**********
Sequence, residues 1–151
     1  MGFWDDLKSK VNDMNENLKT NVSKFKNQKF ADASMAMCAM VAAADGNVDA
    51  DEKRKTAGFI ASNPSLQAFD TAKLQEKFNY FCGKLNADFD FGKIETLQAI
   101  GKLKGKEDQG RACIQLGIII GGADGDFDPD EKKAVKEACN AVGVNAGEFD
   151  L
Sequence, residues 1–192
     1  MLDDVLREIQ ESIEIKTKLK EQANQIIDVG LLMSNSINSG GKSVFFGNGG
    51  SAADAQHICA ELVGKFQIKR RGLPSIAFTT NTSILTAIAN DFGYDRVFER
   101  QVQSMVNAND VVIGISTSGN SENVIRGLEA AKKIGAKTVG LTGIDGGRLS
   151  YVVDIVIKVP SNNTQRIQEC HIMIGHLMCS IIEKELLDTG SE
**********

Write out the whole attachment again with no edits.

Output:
Sequence, residues 1–151
     1  MGFWDDLKSK VNDMNENLKT NVSKFKNQKF ADASMAMCAM VAAADGNVDA
    51  DEKRKTAGFI ASNPSLQAFD TAKLQEKFNY FCGKLNADFD FGKIETLQAI
   101  GKLKGKEDQG RACIQLGIII GGADGDFDPD EKKAVKEACN AVGVNAGEFD
   151  L
Sequence, residues 1–192
     1  MLDDVLREIQ ESIEIKTKLK EQANQIIDVG LLMSNSINSG GKSVFFGNGG
    51  SAADAQHICA ELVGKFQIKR RGLPSIAFTT NTSILTAIAN DFGYDRVFER
   101  QVQSMVNAND VVIGISTSGN SENVIRGLEA AKKIGAKTVG LTGIDGGRLS
   151  YVVDIVIKVP SNNTQRIQEC HIMIGHLMCS IIEKELLDTG SE